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September Implant Study Club

Posted on 9/18/2016 by Donald Nikchevich
We thank the Zimmer Corporation for sponsoring Terri Oto CTBS as our speaker for the September Study Club.

In the past, we have had the pleasure of having Terri present to our study club and her lecture was very well received. The following is a synopsis of her most recent lecture, “Technology of Graft Materials.”

Tissue banks are highly regulated government approved organizations and there are over 500 registered by the FDA at this time. Each company strives to maintain a strict level of quality control to remove high-risk donors and ensure safe tissue handling procedures. This high level of oversight is needed to ensure the quality of tissues available and to prevent the possible transmission of diseases. Her products through Zimmer are CE approved for European use and are recognized by the governments of 46 countries. They utilize an advanced tissue handling process that has been in use since 1971 to ensure over forty-five years of usage and five million implant cases with no cases of disease transmission.

When choosing graft material is important to note that not all graft materials are the same even if they originate from the same source. This can be attributed to the variety of processing and packaging differences for each company. In general, there are four types of grafts to choose from. The first type of graft is an autograft which is an autogenous graft taken from a different site on the same individual. Next is an allograft which is a graft from the same species but not the same individual. These can be treated to become mineralized, demineralized or turned into a putty or paste. A great example of this type of graft is Zimmer Puros. The third type of graft available for use is a xenograft, which is a graft from a different but compatible species. Such grafts are often equine, bovine or porcine. One of the most well-known and well-documented xenografts is bovine graft, Bio-Oss. Finally, there are a variety of synthetic grafts available, most notably Alpha TCP, Beta TCP, HA, Biologics and Calcium Sulphate. Each of these graft types will have different healing and handling characteristics. Terri stressed the importance of picking the correct product for your specific application.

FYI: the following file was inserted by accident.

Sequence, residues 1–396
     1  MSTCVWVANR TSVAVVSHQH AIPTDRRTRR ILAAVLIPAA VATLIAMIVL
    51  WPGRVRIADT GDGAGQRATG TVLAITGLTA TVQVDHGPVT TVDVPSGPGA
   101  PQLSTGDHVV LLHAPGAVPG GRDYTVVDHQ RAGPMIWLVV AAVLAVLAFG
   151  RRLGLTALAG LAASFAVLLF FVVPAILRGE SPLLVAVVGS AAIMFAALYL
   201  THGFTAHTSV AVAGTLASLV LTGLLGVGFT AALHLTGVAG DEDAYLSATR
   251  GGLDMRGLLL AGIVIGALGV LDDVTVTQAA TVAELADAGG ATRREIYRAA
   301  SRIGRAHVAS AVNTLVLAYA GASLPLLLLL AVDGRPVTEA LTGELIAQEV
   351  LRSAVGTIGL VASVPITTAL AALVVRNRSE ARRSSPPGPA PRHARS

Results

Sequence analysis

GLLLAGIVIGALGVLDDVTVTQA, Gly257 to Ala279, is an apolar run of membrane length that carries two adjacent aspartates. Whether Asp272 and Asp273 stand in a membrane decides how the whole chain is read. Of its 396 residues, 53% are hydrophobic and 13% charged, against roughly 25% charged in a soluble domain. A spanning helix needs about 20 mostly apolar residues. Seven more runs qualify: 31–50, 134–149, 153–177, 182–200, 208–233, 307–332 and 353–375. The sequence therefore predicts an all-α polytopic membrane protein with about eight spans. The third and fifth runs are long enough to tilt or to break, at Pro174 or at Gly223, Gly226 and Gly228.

A good graft should have several important characteristics. First it should present outstanding and consistent clinical performance. Second it must have good handling characteristics and third, it must have surface characteristics that mimic natural bone. Finally, it is imperative that the graft shows good collagen integrity.

The tutoplast procedure used by Zimmer for the Puros product line takes 39 days to complete. There are other companies whose process is done in 5 days. The reason that the Tutoplast process takes so long is that they are trying to be as gentle as possible with the bone in order to retain its most important characteristics. Antigens are removed, pathogens are inactivated, preservation of the tissues is ensured and inactivation of bacterial and viral elements is confirmed to maintain a 5 year shelf life.

When it comes to Puross, mineralized bone is more effective than demineralized. The .25 to 1 mm chips are the most advantageous sizes. Cancellous bone is best for sites that you plan on reentering within 3 months such as extraction sites. The Cortical chips are more advantageous in sites that you will allow to heal longer as you would do with sinus grafts, as well as a large particle size such as 1 -2 mm. It was stressed that the bone product you choose should be based on reentry time to the area.

The discussion continued with information on MinerOss and RegenerOss, as well as the company Life Net, who produces the bone products for Salvin, Straumann, Creoss and others. They use a much shorter treatment process that involves sonication and centrifugation. RegenerOss, has a very small particle size, and large surface area. This makes it ideal for small defects such as perio furcation areas or voids adjacent to immediate implant placements

In regards to xenographs, Bio-Oss has long been touted for its excellent track record and consistency. Bio-Oss is sintered Bovine bone, which undergoes a high heat process that renders the bone a virtual ceramic. It acts more like a non-resorbable material in which the patient’s bone will form around it but not replace it. It is especially useful for the maintenance of ridge volume in areas where future implants are not likely to be placed. Again, Bio-Oss has a tremendous long-term track record. Studies have shown the product present 9 and 14 years after placement with little to no change.

In closing, any graft should show the properties of attraction, adhesion and proliferation. When dealing with products the clinician should remember to not over-pack with excessive force in order to allow space for proper bone regeneration. It is also important to keep in mind the reentry time and clinical reasons for the graft. In our clinical experience, the better the vascular bed, the better the end result.
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